HR teams are tasked with the difficult job of establishing strong workplaces staffed by happy, engaged employees.

Of course, a positive workplace culture all starts with a compelling candidate experience that gets the right people in the door — but once a new hire has settled in their role, HR must offer an equally compelling employee experience. In order to do this, HR pros should imagine employees as consumers who must be constantly engaged with the employer brand to maintain peak performance levels.

For guidance in this endeavor, HR pros may want to look at how social media companies have created thriving, interconnected communities online through interactive technologies.

For example, 510,000 comments are made on Facebook every minute. YouTube users watch a collective 114,000 years’ worth of videos every day.

These social technologies are public forums where people gather to talk about social issues, movie trailers, music videos, viral memes, products and services, and so much more. These communities are the very picture of engagement — and the logic that drives these social media platforms can be applied to similar ends in the workplace.

Bringing Engaging Tech to the Workplace

According to a 2017 Salesforce report, 71 percent of employees want to use the same level of technology at work as they do in their personal lives. Familiar and intuitive technology enriches people’s lives outside of work — and people want it to do the same at work, too.

Artificial intelligence, machine learning, crowdsourcing, and social media are integral parts of our lives today. These technologies help us shop online, watch movies, communicate with friends, and more. What happens when we incorporate them into the workplace, too? Improved employee engagement and retention.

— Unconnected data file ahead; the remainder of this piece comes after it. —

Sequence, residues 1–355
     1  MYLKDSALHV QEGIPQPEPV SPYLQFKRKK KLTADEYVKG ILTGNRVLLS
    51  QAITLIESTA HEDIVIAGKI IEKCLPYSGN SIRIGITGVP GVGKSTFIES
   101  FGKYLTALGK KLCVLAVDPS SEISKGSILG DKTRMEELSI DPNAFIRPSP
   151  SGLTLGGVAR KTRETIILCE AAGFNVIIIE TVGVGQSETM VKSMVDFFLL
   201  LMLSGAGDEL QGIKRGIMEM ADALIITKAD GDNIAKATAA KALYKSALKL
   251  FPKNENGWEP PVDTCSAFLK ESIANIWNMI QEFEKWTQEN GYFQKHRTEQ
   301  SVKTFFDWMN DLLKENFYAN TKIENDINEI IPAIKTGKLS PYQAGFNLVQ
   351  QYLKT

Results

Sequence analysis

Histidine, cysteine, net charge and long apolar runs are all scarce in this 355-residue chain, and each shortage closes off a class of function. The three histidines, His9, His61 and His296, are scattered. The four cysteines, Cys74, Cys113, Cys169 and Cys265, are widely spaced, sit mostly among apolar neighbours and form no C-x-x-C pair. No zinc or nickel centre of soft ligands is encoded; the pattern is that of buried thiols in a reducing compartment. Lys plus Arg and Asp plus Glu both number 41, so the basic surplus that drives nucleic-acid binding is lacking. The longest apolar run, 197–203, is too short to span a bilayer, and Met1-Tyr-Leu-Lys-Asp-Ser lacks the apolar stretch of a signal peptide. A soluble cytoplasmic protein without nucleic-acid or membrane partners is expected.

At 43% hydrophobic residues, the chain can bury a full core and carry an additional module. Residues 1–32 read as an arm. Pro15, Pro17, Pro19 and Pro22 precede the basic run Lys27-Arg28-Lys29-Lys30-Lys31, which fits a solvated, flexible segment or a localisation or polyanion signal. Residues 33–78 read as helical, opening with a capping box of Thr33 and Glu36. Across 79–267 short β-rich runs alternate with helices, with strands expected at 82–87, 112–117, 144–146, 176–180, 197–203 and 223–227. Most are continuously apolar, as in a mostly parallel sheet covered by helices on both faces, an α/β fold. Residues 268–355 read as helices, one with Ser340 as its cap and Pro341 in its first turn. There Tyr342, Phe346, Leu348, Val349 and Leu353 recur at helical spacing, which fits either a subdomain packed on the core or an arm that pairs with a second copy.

For example, consider the role crowdsourcing and social media can play in the performance management process, a key component of the employee experience. Platforms like Tandem turn performance management into an interactive activity, where employees can give, receive, request, and comment on evaluations from their coworkers both publicly and privately.

There is value in the massive data gathered from the crowd’s input on employee performance. Getting constructive feedback from multiple sources is more comprehensive and informative than getting the feedback of only one individual. If an employee gets four pieces of constructive criticism to every one piece of praise, that’s an indicator that the employee should think about changing up their work habits. Similarly, if an employee is receiving five pieces of praise for every one constructive suggestion, the worker knows for sure they’re doing something right.

Instant messaging is another everyday piece of technology that can help organizations realize massive gains in employee engagement. Platforms like Slack allow for easier and quicker communication between colleagues than email can offer. Plus, instant messaging clients allow for more personality and camaraderie in communication, with employees using emojis and GIFs to blow off steam and raise spirits.

All of this leads to more productivity, according to Slack, which reports that its product increases office productivity by 32 percent.

People First, Tech Second

The common misconception that technology enables laziness in the workplace must be abandoned. Since the beginning of time, people have made tools to help them perform tasks more easily and with greater productivity. Social media, artificial intelligence, and other modern advances are simply descendants of the humble wheel. These technologies should not be shunned or feared, but embraced.

Derek Herman is a content writer for Phenom People.

Power your recruiting success.
Tap into, the largest network of recruiters.

in Employee Engagement]